Giardia is a family of protozoan parasites that infest the digestive tract of a variety of species, from mice to amphibians – even you and your pets! Each Giardia species tends to be specific to the animal it infects, with Giardia duodenalis (syn. G. intestinalis, G. lamblia) being attributed to humans and our domesticated animals.
Like many intestinal pathogens, Giardia is passed from “fecal-oral transmission,” where something contaminated with infected feces finds its way into you or your pet’s mouth. This is most often water, but can include grass, rocks, sticks, toys, and even your hands. Giardia is very contagious, with as few as 10-100 organisms being able to infect a new host. To put that in perspective, an infected host can shed as many as 10 billion organisms with each bowel movement!
Once in the digestive tract, Giardia feeds and replicates in the small intestine, damaging the intestinal lining and interfering with digestion. Many infected hosts may show no symptoms at all, but symptoms can range from mild flatulence to severe diarrhea. Depending on the severity of damage to the small intestine, some cases may continue to have foul-smelling, diarrhea for several months while the intestinal lining recovers.
Your veterinarian may detect Giardia with a “fecal test,” which looks for Giardia with a microscope. They may also recommend an “antigen” test, which detects specific proteins on the organism surface. Giardia is a very treatable disease, but may require one or more treatments to clear completely.
Giardia can persist in the environment for weeks, so the best thing you can do to reduce risk to you or your pet is to follow good hygiene practices – wash those hands and toys! – and drink clean water.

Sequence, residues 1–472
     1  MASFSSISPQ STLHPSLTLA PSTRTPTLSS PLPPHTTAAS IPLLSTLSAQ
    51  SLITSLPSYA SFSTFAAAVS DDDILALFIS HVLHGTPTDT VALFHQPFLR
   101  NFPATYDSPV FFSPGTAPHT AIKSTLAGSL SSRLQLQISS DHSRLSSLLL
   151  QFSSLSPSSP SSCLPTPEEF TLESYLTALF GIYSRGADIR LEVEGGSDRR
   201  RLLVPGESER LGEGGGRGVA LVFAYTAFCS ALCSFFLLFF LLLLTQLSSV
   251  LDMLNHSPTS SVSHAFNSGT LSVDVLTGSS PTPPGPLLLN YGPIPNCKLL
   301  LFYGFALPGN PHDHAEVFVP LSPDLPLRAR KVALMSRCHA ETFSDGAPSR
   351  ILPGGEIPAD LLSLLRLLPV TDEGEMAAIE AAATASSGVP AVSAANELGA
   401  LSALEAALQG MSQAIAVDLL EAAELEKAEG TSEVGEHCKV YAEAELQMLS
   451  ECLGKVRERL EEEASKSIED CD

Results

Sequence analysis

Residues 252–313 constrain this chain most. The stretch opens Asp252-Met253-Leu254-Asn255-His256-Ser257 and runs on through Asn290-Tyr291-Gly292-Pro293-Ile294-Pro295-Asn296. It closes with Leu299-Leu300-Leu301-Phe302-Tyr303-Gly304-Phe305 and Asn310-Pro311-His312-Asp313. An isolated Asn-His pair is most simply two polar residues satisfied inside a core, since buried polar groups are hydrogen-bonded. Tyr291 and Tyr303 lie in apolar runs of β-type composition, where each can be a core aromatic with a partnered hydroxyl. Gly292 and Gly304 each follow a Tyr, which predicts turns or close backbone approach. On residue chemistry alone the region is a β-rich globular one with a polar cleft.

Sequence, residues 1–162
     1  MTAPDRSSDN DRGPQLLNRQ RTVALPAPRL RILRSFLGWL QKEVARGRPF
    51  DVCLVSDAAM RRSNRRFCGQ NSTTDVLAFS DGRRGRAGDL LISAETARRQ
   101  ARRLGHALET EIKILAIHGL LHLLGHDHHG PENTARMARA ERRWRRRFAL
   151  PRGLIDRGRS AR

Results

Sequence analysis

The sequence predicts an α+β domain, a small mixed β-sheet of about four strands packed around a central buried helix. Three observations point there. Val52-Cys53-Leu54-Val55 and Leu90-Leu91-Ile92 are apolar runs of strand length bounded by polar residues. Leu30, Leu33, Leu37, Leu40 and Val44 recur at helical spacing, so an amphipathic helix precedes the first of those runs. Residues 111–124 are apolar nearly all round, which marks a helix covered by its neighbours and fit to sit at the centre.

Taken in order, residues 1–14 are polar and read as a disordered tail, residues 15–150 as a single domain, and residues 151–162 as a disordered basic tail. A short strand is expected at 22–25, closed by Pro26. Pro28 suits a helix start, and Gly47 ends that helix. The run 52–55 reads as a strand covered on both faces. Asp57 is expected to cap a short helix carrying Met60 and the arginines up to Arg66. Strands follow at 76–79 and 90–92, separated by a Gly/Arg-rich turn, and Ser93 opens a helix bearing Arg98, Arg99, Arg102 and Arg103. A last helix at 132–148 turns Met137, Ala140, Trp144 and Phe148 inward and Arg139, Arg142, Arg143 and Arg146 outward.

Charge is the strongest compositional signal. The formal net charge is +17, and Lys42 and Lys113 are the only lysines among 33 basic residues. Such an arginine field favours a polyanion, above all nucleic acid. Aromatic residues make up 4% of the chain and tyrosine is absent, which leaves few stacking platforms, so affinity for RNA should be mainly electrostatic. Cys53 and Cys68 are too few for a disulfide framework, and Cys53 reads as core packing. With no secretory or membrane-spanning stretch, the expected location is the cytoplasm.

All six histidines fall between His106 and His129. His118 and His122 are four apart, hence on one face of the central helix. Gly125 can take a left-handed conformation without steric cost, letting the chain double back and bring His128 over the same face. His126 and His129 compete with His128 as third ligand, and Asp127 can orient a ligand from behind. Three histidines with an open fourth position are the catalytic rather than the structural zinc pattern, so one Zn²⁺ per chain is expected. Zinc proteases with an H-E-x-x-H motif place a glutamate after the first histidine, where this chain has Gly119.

Veterinarians pay close attention to the potential for diseases to be spread from animals to humans – a process called zoonosis. With DNA testing, scientists further differentiate Giardia duodenalis into smaller, more specific sub-species groups. Since 1998, studies of Giardia in cats, dogs and humans found that different sub-species of Giardia were specific to the species they infected – some infected humans, some infected cats and others infected dogs. It wasn’t until 2005 that studies in Mexico, Brazil and India began to show evidence of dogs carrying strains previously attributed to humans – in essence, a “reverse zoonosis!”
While there has not yet been any evidence of dog or cat strains of Giardia in humans, the potential for dogs to carry the human strains of Giardia has veterinarians on alert. Until we know more, the philosophy “better safe than sorry” seems the wisest approach, especially when one of the highest risk human groups for contracting Giardia is children from the ages of 1-9 years old.
If you’re out hiking, think twice before drinking from that mountain stream – it could contain many infectious pathogens, including Giardia. The best way to protect yourself is to bring bottled water or use a specialized filter.